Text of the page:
There once was a time when taking care of your equipment – your car, engines, gearbox and tires – were all part of being a successful driver. Those that could hold back and save their equipment until the end were usually rewarded. Rick Mears is famous for his line. “To finish first, you must first finish.” He didn’t mean don’t let your car get into the marbles and wash up into the wall. He said this at a time when there was competition on the track between manufacturers and risks were being taken. That’s simply a part of racing.

The notion was put forth on Monday that engine failures shouldn’t take away wins from deserving drivers. Excuse me? Some of the greatest champions at the Indianapolis 500 were beneficiaries of their rivals running their equipment too hard. Had Bobby Marshman not been obsessed with lapping the field in 1964, he could have won instead of AJ Foyt. Although Jack Beckley, his chief mechanic, kept signaling for Marshman to slow down – he kept charging. Marshman fell out on lap 39. Foyt also benefited in 1967, when Parnelli Jones dropped out when a $6.00 bearing failed in his STP turbine on lap 197, handing the lead and the victory to Foyt. In 1977, Foyt was there again to take his fourth Indy victory when Gordon Johncock’s engine failed on lap 184. Was Foyt not a deserving driver?

Bobby Unser benefited in 1968, by having Joe Leonard’s turbine flame out with nine laps to go. Does the first of his three victories have an asterisk by it because he was an undeserving driver? No. I also resent the implication that those that accept engine failures as a part of racing are nothing more than American rednecks that like to watch explosions.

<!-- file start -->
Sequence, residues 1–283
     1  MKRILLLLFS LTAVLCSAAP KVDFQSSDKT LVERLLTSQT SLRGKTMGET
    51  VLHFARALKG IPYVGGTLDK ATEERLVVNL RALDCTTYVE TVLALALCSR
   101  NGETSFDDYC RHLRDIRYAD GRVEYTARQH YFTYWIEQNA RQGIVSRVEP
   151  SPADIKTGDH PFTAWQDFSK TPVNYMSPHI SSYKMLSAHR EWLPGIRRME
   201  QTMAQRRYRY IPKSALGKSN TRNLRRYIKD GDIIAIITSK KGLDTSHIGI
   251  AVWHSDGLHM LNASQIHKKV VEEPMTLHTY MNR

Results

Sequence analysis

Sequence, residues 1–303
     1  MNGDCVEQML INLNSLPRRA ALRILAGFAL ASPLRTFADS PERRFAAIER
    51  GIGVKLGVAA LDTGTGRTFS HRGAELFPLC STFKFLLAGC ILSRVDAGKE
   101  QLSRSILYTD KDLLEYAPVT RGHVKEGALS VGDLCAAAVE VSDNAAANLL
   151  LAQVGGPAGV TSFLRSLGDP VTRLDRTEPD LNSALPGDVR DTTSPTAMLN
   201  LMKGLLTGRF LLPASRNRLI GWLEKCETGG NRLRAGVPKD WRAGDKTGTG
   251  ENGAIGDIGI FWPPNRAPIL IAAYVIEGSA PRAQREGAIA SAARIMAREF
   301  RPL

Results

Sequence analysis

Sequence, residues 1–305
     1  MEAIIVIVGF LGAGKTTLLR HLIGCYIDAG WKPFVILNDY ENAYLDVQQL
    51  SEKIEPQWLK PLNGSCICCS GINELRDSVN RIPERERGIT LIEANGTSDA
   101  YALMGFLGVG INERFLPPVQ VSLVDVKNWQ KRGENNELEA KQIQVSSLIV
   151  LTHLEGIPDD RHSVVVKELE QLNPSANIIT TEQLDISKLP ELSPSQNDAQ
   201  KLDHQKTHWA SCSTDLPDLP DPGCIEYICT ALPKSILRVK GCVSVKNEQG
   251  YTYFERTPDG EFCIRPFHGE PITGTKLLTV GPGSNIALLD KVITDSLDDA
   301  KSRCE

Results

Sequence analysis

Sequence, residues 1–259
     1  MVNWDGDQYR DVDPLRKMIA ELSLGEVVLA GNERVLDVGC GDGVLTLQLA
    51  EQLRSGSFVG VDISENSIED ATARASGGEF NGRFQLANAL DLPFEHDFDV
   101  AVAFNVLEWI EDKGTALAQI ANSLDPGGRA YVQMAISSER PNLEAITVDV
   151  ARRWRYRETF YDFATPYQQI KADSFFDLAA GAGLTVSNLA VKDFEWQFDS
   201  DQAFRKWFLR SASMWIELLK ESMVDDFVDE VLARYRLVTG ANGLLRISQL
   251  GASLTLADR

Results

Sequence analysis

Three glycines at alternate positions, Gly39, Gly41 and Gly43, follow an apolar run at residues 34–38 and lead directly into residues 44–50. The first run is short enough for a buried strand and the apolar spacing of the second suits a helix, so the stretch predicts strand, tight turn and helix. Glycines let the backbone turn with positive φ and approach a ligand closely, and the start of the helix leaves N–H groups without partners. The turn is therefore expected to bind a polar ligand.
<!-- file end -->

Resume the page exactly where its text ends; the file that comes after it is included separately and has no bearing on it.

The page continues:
So please understand that I’m not a fan of watching engines blow up. What I am a fan of is competition; and engine failures are a by-product of competition and innovation. It’s all about trying new things and sacrificing some reliability in search of speed. If this offends anyone, I think they might be better served to follow a sport like Tee-Ball – so that everyone can get a trophy and feel good about themselves.

We all became fans of this sport at some point in time. Some were bitten in the eighties, while others discovered it in the mid-nineties. I became addicted to Indy car racing in the sixties. It doesn’t really matter, because the one constant throughout every era was the search for speed. That was always the number one goal until the league became a heavily regulated one-chassis/one-engine series. At that point things just sort of stagnated. Now that we’ll have some sense of variety in the chassis and competing engine manufacturers, count on engine failures occurring while the manufacturers continue searching for speed. After all, isn’t that the core principle in racing?

George Phillips

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15 Responses to “What I Meant To Say…”

  1. Bent Wickerbill Says:

    Great article George…. The other caveat to performance and going ever faster has been the concern for safety. So, while aerodynamics continued to improve and the weight of materials used to manufacture cars continued to decrease, engine power has also actually decreased from the CART and Champ car days.
    In some cases aero packages, primarily front and rear wings were made larger or to create more downforce and drag, which has prevented the speeds from climbing to 250mph and beyond.
    The new chassis and engine combinations look to be lighter and more slippery yet, but it appears that the engines while V-6’s now turbo charged will be boost adjustable based on the type of racing that is to be done. Should make things a great deal more interesting especially when we begin to find out where the various torque and HP bands fall in the RPM range with the three engines at the variety of tracks the IRL races at. These variables combined with the new aero packages should theoretically make for some competitive racing.

  2. The Lapper Says:

    Its not that I want to see engine failure, its that I want to see drivers and teams taking it as close to the edge as they can without having engine failure.

  3. That is the first (and likely the only) time I have ever seen the words “decency” and “Roy Hobbson” in the same sentence.

    PS – I knew what you meant about the engine failures. I totally agree.